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British Prime Minister David Cameron gambled and lost, catastrophically so. Britain is leaving the European Union. Political and economic chaos lie ahead on both sides of the English Channel. Britain and the EU are already emerging from the wreckage as vastly diminished economic and political forces because of a vote that was opportunistic and unnecessary.

Mr. Cameron resigned early Friday after the official results were announced. "I do not think it would be right for me to try to be the captain that steers our country to its next destination," he told reporters on Friday outside his Downing Street office.

Mr. Cameron spoke after Britain voted by a tight but clear margin Thursday to leave the European Union after a bitter campaign.

With all 382 voting areas reporting, Leave defeated Remain by 52 per cent to 48 per cent. The margin between the two sides was more than 1.2 million votes and turnout was more than 70 per cent of eligible voters.

The result in favour of Britain's exit from the EU – Brexit – defied the latest polls, which had predicted a narrow victory for the Remain side. The soaring markets had said the polls were right. But polls and investors can be dead wrong, and they were in this case. The market fallout has been swift and brutal. There was blood, everywhere.

Mr. Cameron's folly – his pledge after his 2015 re-election to hold an in/out referendum on EU membership – has handed the EU its first major setback since its predecessor was formed with the Treaty of Rome in 1957. Britain now becomes the first EU member to hit the road. Brexit has proven that the EU is reversible.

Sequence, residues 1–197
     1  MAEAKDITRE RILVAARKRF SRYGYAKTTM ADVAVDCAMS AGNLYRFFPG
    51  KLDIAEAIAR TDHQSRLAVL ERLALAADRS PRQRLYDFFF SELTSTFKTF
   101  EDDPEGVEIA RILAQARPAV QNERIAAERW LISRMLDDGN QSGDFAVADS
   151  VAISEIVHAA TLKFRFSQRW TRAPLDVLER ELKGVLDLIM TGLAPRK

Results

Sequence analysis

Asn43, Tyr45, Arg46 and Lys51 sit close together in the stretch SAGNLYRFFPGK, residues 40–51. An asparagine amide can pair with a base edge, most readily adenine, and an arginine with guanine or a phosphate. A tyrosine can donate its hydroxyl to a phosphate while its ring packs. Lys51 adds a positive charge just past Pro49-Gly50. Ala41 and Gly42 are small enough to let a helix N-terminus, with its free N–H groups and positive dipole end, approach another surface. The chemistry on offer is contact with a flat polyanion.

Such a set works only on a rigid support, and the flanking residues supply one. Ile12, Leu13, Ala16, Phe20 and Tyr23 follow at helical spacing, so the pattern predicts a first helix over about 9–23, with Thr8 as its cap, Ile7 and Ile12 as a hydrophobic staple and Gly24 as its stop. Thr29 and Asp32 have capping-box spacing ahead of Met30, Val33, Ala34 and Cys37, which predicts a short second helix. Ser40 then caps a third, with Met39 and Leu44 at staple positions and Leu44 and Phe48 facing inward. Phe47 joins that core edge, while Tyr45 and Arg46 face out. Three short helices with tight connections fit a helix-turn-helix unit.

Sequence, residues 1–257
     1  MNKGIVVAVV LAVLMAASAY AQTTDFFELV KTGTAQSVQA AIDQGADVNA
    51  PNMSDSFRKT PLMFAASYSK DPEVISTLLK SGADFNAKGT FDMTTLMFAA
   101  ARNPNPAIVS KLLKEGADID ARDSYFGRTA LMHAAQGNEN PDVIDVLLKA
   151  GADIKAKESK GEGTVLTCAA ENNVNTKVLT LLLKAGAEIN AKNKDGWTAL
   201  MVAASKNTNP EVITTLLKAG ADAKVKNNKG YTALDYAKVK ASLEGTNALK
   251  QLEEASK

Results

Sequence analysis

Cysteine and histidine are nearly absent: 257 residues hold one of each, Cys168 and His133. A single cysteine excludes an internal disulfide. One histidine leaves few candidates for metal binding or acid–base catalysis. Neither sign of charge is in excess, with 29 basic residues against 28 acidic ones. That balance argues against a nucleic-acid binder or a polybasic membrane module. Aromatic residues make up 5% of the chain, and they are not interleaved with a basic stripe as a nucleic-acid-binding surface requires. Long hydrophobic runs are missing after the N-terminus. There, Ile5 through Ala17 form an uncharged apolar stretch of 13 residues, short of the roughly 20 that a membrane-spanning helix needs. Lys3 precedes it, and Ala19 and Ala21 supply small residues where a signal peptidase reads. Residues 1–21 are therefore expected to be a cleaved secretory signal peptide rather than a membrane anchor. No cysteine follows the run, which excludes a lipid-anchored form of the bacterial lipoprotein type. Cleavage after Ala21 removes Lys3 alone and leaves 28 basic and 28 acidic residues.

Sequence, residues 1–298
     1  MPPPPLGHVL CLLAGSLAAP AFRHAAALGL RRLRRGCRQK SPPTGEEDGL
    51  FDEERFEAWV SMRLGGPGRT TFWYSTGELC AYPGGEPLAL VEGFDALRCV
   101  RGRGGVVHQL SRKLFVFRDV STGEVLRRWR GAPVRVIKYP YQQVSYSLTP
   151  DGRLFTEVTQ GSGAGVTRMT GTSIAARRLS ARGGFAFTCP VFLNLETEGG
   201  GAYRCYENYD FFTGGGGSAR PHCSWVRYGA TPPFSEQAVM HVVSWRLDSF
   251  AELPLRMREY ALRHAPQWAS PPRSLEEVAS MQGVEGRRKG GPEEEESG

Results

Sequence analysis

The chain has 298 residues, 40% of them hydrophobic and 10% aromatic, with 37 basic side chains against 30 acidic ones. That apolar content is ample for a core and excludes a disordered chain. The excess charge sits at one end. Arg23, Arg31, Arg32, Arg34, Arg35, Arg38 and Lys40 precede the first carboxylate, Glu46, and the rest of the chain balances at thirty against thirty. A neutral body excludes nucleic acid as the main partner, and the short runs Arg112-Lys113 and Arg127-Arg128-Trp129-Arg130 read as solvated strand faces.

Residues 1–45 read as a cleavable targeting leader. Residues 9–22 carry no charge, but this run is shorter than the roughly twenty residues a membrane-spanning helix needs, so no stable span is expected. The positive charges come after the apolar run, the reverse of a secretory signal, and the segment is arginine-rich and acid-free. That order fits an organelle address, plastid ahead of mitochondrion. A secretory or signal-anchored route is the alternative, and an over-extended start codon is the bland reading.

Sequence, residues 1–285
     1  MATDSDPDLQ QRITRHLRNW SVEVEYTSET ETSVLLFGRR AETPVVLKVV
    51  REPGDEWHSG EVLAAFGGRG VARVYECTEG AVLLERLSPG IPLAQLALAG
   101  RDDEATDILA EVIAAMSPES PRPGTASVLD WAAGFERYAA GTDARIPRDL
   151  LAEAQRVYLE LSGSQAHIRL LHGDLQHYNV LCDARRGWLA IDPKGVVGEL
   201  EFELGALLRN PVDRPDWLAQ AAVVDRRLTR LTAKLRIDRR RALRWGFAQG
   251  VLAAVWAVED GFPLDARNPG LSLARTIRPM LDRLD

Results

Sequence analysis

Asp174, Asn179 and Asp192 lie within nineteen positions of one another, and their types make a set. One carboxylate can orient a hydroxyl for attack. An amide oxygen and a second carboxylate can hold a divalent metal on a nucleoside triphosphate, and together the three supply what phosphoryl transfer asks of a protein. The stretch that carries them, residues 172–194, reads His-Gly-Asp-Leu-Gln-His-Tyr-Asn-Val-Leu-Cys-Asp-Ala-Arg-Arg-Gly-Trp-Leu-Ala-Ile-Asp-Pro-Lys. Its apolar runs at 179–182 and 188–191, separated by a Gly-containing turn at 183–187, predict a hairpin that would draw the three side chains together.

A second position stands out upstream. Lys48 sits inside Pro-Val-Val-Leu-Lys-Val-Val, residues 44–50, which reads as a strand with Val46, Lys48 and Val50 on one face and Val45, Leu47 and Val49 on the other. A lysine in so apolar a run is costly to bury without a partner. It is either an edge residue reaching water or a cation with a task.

It may also prove that the United Kingdom is reversible too. Britain itself could break into pieces – Scotland voted strongly in favour of EU membership and has already held one referendum on independence. A second is inevitable. Scotland did not want to be dragged out of the EU by the pro-Brexit vote in England and Wales.

Mr. Cameron should be roundly condemned for calling the referendum. The British public was not demanding the vote. Nor, in the main, were Conservative Party MPs, half or more of whom were pro-EU, as was Opposition Leader Jeremy Corbyn, the majority of voters and politicians in Scotland, most young voters and most residents of London.

Mr. Cameron called the referendum to appease the Euroskeptic arm of his party, that's it. But his response to a parochial issue would gamble the entire future of Britain and the EU. The mandarins and politicians in Brussels, Berlin, Paris, Rome and other pro-EU capitals were angry from the onset. Last week, Sweden's EU minister Anne Linde said: "The whole [referendum] process is bad. Cameron has used Europe to solve domestic policy problems in what I see as an irresponsible way."

Indeed. The Brexiteers won. The only EU country that can possibly muster a wry smile about the outcome is Greece. Since Greece handed Europe the "debt crisis" in 2009, Greece's forced or voluntary exodus (Grexit) from the euro zone and the EU was considered the greatest threat to the integrity of the EU. Back then, it was unimaginable that the EU's wrecking ball would take the form of big, dreadnought Britain, not little Greece.

The Brexiteers clearly did not vote to leave the EU for economic reasons. Their initial argument that Brexit would cause little or no economic harm to Britain was thoroughly demolished by almost every economist, think tank and official institution, from the Bank of England to the International Monetary Fund, that bothered to take a view on consequences of Brexit after 43 years of EU membership.